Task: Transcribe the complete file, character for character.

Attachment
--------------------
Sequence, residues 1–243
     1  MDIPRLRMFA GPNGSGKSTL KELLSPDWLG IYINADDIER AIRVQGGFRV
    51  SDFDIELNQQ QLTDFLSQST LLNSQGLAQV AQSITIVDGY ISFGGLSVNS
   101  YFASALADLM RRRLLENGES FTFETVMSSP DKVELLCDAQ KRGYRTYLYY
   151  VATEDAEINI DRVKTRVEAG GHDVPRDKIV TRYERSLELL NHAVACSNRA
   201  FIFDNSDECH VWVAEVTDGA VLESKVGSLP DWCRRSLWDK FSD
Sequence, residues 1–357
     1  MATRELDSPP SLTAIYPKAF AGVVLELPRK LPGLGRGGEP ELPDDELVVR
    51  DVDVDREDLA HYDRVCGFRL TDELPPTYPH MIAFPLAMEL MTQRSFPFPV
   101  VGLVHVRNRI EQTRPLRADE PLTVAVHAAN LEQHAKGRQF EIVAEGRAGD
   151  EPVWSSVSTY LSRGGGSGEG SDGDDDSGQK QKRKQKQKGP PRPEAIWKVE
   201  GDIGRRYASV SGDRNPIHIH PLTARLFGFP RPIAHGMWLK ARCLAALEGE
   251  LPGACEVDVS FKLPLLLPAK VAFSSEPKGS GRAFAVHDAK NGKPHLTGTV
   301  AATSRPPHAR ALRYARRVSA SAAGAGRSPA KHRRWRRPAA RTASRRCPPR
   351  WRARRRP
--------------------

Sequence, residues 1–243
     1  MDIPRLRMFA GPNGSGKSTL KELLSPDWLG IYINADDIER AIRVQGGFRV
    51  SDFDIELNQQ QLTDFLSQST LLNSQGLAQV AQSITIVDGY ISFGGLSVNS
   101  YFASALADLM RRRLLENGES FTFETVMSSP DKVELLCDAQ KRGYRTYLYY
   151  VATEDAEINI DRVKTRVEAG GHDVPRDKIV TRYERSLELL NHAVACSNRA
   201  FIFDNSDECH VWVAEVTDGA VLESKVGSLP DWCRRSLWDK FSD
Sequence, residues 1–357
     1  MATRELDSPP SLTAIYPKAF AGVVLELPRK LPGLGRGGEP ELPDDELVVR
    51  DVDVDREDLA HYDRVCGFRL TDELPPTYPH MIAFPLAMEL MTQRSFPFPV
   101  VGLVHVRNRI EQTRPLRADE PLTVAVHAAN LEQHAKGRQF EIVAEGRAGD
   151  EPVWSSVSTY LSRGGGSGEG SDGDDDSGQK QKRKQKQKGP PRPEAIWKVE
   201  GDIGRRYASV SGDRNPIHIH PLTARLFGFP RPIAHGMWLK ARCLAALEGE
   251  LPGACEVDVS FKLPLLLPAK VAFSSEPKGS GRAFAVHDAK NGKPHLTGTV
   301  AATSRPPHAR ALRYARRVSA SAAGAGRSPA KHRRWRRPAA RTASRRCPPR
   351  WRARRRP